Ankle Replacement Surgery
An ankle replacement surgery is where the joints of the ankle are fitted with a prosthesis or an implant to replace the existing worn out joints. It is usually recommended for the elderly and relatively inactive person as one of the major complication from such a surgery is loosening of the ankle joint due to overuse. After the surgery, you will be placed on a cast to protect the joint for a period of 6-12 weeks before you can gradually put weight on it. An ankle replacement can generally last 5 – 10 years depending on the activity level of the patient.
Who will need such a surgery?
An ankle replacement surgery is usually recommended for people with a degenerated or arthritic ankle joint that causes them pain and difficulty in moving the ankle or walking. In a degenerated or arthritic joint, the articulating surfaces are not smooth as compared to a normal joint with cartilages that allow for smooth gliding of joint surfaces over each other. The lack of smooth articulating surfaces in a degenerated or arthritic ankle can be due to either wearing away of cartilages or due to osteophytes (also known as bone spurs). This can cause pain in the ankle especially during movements of the ankle joint and on weight bearing activities like walking. With an ankle replacement surgery, an implant can be fitted into the degenerated or arthritic ankle to allow for smooth gliding of the joint surfaces, permitting pain-free movements to take place.
What happens during the surgery?During the operation, your surgeon will shift the soft tissues like nerves, blood vessels and muscle tendons aside so that the surgeon have sufficient space to work on the ankle joint. The tibia and talus will be shaved and resurfaced to accommodate the ankle implants or prosthesis. The ankle prosthesis consists of the tibial component which is fitted into the end of the tibia; and the talar component which is fitted on top of the talus. The fibula and tibia will be screwed together tightly to ensure that the tibial component is fitted tightly. The fibula and tibia will also be fused together by bone graft or bone cement so that the artificial ankle can move up (dorsiflexion) and down (plantarflexion) without damaging the surrounding structures.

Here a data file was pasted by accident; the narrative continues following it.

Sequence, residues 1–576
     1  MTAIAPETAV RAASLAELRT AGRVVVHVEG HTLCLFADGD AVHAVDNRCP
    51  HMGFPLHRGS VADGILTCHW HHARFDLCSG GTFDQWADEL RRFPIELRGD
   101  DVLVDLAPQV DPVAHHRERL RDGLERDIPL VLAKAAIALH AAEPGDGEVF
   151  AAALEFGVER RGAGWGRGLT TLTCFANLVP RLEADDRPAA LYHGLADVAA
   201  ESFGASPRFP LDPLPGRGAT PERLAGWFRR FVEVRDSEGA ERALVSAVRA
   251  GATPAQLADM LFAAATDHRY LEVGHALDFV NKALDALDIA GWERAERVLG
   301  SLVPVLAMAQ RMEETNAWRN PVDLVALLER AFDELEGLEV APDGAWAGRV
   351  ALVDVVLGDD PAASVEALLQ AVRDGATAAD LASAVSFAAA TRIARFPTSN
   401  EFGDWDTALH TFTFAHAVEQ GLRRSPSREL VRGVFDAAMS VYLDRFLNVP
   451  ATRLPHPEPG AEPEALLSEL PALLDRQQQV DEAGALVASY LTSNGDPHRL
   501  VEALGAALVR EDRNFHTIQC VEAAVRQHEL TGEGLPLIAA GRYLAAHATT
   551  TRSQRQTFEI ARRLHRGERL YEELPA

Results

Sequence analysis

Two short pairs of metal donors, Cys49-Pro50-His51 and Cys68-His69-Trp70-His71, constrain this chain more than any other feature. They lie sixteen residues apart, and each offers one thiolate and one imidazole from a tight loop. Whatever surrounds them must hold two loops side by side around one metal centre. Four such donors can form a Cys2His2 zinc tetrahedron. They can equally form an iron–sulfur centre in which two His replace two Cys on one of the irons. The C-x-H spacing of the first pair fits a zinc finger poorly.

What happens after the operation?
After the surgery, you will wake up with your leg in a cast or a splint. A tube may be attached to the ankle to drain off excessive bleeding. You will be taught to walk using crutches without putting weight on the operated foot. Your ankle will also be immobilized in a cast or ankle splint to protect the artificial joint for a period of 6 -12 weeks depending on your surgeon. One of the major complications that may arise from the operation is the loosening of the prosthesis. A typical ankle replacement may last for 5 -10 years depending on the activity level of the patient. In fact, research has shown that the artificial ankle joint has a better lifespan in an older patient than in young active patients. One of the reason is that younger patients tend to be more active than sedentary older patients and hence a higher risk of loosening the joint. In such cases, an ankle fusion may be a better alternative for this group of young patients with heavy and prolong activity requirements. Regular X-rays will be taken after the ankle replacement surgery to ensure that the implant has not moved out of place. Gradually your physiotherapist will improve on your rehabilitation exercises and introduce weight bearing activities on your ankle again.
- Wood and Deakin (2003), Total ankle replacement – The results in 200 ankles. J Bone Joint Surg 2003;85-B: 334-41.
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